He likes spending time with Ronon, likes the sensation of blood and sweat and the feeling of being alive that courses through his veins for hours afterwards. He doesn’t even mind being knocked repeatedly on his ass, because it reminds him that he’s got plenty left to feel yet.
Cam also likes Teyla, appreciates her silences and her calming presence. He gets that she understands what they’re all going through more than anyone should have to, he gets that she’s borne of a civilisation used to losing everything, he gets that she’s one of the few things holding them all together now and he sees exactly why it is that Sheppard and the others are glad that she’s with them, but he just can’t bring himself to spend much time with her. He thinks that John understands, hopes that the message has been passed to her and knows that, even if it hasn’t, the woman understood why Cam walked out the first time he’d called her “Teal’c”.
Cam knows it’s crazy, knows that physically it would make more sense for Ronon to remind him of his friend, but he’s spent a lot of time comparing the two and, if he ignores the fact that Teyla’s a woman half Teal’c’s size, he can sense a lot of his friend in her. Cam had learned to talk to Teal’c through their training, had learned to understand his moods through the motion of a staff weapon, had learned to read between the lines of his stoic mannerisms with the force of his swings and the rhythm of his movement. Less than one hour with Teyla and Cam had found himself speaking a different dialect of that same language.
Sometimes he thinks he misses Teal’c’s silences more than the noise of an entire planet he called home.
* * *
“This is getting to be a habit, ya know.”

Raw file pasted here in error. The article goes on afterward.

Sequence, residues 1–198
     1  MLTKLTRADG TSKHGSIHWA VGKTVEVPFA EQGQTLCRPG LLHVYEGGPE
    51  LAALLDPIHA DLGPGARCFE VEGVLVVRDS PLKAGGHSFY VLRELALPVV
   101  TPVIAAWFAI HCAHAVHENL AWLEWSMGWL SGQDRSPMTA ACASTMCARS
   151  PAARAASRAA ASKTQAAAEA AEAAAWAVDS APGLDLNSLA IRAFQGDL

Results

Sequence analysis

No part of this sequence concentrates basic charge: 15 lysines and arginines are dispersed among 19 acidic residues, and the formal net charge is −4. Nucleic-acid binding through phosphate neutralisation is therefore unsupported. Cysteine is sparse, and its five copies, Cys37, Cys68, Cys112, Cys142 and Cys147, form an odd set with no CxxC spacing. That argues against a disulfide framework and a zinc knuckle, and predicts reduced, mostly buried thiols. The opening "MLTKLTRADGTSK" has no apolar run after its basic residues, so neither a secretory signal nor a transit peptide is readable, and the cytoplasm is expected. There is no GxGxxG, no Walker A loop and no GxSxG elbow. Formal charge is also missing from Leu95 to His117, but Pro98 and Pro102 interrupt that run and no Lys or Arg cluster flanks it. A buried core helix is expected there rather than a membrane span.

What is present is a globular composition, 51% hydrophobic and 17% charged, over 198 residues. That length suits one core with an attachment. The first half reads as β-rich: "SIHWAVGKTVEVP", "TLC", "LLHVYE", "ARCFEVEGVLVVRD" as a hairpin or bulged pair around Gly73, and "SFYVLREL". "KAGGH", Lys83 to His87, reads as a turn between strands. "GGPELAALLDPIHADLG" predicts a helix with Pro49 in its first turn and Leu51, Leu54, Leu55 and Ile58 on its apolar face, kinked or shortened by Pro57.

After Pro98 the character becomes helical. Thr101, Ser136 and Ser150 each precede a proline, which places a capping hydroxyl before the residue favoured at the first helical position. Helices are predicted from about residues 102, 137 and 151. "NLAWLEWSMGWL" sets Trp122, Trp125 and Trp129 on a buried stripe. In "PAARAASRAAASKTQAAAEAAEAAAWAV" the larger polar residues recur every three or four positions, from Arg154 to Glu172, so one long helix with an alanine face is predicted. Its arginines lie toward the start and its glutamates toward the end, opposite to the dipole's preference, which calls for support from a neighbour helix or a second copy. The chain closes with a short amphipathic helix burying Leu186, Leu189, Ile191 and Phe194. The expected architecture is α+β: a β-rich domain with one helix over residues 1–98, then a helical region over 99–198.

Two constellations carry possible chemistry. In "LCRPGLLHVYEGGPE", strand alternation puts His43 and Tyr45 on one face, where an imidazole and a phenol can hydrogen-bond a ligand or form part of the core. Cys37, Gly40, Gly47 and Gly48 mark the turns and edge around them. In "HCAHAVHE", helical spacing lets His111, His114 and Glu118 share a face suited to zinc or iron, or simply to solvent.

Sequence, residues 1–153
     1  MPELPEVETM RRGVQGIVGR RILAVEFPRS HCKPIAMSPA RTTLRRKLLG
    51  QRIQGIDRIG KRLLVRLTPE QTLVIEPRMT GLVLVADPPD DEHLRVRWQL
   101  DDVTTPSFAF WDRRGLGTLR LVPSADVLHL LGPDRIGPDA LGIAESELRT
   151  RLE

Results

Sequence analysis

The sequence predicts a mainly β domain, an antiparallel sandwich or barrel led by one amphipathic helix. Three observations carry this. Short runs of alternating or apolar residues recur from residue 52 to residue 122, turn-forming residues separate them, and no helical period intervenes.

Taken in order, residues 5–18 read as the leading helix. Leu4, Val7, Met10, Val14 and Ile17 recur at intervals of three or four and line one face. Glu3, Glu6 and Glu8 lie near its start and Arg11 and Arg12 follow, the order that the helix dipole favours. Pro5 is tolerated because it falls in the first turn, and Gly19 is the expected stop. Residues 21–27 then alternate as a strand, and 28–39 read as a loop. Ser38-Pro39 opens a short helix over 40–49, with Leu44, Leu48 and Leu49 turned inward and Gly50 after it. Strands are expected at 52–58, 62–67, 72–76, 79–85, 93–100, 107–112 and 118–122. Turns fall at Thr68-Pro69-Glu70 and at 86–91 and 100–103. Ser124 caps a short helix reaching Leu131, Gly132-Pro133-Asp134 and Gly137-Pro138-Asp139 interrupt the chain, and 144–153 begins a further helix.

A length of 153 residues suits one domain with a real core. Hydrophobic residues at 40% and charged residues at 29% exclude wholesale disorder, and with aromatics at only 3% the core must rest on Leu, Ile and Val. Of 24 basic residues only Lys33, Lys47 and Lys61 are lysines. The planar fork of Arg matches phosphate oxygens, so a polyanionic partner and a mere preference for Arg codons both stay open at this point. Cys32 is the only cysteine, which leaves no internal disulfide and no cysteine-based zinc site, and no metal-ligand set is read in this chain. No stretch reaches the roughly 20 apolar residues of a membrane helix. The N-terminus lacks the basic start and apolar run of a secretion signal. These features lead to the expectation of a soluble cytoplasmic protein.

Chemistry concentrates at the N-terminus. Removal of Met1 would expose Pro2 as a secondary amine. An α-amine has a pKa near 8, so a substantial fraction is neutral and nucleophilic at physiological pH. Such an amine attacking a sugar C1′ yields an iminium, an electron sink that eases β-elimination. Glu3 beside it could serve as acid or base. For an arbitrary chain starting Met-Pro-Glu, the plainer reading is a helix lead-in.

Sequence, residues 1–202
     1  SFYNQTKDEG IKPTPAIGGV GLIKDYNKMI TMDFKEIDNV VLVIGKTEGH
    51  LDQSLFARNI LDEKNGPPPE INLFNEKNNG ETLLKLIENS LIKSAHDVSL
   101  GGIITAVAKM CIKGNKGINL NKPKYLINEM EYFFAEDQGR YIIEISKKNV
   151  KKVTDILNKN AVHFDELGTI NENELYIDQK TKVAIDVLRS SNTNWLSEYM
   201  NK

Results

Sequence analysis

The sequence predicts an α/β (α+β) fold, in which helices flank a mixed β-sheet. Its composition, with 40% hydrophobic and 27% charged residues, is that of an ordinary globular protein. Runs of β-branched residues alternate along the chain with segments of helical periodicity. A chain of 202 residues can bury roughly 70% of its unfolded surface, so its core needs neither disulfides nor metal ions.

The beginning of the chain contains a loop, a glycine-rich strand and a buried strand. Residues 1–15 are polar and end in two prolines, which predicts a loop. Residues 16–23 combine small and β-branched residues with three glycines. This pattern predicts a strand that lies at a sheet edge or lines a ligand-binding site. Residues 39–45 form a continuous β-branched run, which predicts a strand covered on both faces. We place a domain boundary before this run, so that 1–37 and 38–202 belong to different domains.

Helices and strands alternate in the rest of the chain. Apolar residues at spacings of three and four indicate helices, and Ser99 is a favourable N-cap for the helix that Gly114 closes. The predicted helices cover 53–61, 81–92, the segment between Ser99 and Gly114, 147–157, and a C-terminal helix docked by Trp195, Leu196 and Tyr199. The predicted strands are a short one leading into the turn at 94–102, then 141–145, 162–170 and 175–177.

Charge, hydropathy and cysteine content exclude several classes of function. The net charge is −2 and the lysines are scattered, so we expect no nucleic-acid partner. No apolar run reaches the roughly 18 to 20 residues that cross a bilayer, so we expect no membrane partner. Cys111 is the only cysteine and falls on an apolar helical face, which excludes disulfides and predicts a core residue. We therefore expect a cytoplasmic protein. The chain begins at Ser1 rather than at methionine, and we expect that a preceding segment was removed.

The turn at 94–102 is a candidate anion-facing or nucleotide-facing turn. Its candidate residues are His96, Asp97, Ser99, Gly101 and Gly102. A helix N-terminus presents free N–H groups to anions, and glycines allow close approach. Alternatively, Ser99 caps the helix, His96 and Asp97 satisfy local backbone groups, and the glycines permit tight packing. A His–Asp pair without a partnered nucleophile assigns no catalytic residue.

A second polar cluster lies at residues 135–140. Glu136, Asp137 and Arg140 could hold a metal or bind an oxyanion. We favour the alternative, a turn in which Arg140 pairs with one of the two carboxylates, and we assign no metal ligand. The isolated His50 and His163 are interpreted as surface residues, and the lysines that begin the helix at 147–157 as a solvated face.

John offers him a plate and settles into his usual spot to Cam’s left. It’s at night, with only the light from the two moons over the city, that Cam can almost believe that everything’s okay; that they aren’t fighting amongst themselves, running low on food and cramped into the sections of the city that the Lanteans had managed to secure prior to the sudden arrival of over 200 refugees. He thinks it doesn’t really help that there’s that kind of distinction between them; that those veterans of the city no longer really consider themselves as anything other than ‘Lanteans’, that there’s a divide between them and everyone who came through the ‘Gate after the last stand. Sometimes Cam wonders where he fits in. He didn’t make it through the ‘Gate as a survivor and he certainly doesn’t have a claim to being Lantean. He thinks that, with the word ‘Tauri’ having slipped into use for the survivors, he should feel more at ease, but all it does is remind him of the friend he’s lost.
He wonders how things would be without Teyla’s guidance, wonders how things would be if Elizabeth hadn’t left them protocols and guidelines, what kind of state they would all be in if she hadn’t insisted on having a back up plan for colonisation in the event that the original expedition hadn’t ever made it back to Earth. He knows that there’s been a lot of arguing about those guidelines, a lot of issues with the laws that have been kept or removed and a lot of resentment in terms of keeping the Atlantis ‘Gate activity and expedition as a separate government body.
Sheppard had spent almost a week of evening meals, sat under the moonlight, explaining Tauri vs Lantean, Military vs Science vs Civilian. John had almost got passionate explaining the ins and outs of their new democracy, which didn’t really fit with Cam’s views of the man, but he supposes that being one of the first Lanteans gives John the right to get passionate about how his home is run. Cam had listened – mostly – but had spent more time wondering how it was that the Ori had managed to beat most of the spirit out of humanity, but left the politics behind.
“You still haven’t given me an answer, ya know.”
“Thought there wasn’t a time limit.”
“There isn’t,” John says, but turns his head to smirk. “But I’m an impatient guy.”
Cam nods and looks back out to sea. “And Sam’s pushing you.”
“No,” Cam says. “She doesn’t. But I get that she tries.”